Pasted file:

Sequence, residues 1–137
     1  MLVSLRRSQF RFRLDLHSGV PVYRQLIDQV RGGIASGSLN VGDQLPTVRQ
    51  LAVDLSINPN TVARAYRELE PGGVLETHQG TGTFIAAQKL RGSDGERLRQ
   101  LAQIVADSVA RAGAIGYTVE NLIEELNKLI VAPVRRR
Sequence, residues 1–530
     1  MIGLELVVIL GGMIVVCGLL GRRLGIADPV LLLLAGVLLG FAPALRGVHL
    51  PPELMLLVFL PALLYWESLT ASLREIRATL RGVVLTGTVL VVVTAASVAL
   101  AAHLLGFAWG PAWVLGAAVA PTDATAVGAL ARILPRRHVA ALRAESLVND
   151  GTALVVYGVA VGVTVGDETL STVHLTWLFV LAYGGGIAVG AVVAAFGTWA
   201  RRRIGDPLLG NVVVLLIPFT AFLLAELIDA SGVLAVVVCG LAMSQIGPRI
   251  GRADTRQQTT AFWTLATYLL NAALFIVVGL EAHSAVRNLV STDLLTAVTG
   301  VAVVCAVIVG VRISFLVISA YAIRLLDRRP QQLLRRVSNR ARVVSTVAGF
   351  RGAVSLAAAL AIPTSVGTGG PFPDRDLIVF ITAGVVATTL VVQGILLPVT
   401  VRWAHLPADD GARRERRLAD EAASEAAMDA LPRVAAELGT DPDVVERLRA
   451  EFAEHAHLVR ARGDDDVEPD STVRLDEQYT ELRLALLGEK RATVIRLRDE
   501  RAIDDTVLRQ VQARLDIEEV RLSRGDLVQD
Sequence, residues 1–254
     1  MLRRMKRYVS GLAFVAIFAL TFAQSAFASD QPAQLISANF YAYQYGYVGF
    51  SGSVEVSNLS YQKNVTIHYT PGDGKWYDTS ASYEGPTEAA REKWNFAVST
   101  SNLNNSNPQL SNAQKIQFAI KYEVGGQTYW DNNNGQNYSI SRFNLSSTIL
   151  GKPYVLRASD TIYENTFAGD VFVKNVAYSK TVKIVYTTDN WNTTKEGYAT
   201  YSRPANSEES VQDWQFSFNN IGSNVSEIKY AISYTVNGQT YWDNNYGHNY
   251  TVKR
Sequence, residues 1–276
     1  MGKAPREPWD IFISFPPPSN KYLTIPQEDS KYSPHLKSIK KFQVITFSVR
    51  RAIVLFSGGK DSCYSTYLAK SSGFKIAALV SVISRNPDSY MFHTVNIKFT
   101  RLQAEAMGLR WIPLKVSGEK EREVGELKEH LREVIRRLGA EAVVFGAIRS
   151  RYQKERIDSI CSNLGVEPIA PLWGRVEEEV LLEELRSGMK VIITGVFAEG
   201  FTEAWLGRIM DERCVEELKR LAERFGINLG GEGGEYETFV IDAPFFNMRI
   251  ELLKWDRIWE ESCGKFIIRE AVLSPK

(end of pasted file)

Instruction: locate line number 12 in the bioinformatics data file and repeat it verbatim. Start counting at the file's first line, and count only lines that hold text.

   301  VAVVCAVIVG VRISFLVISA YAIRLLDRRP QQLLRRVSNR ARVVSTVAGF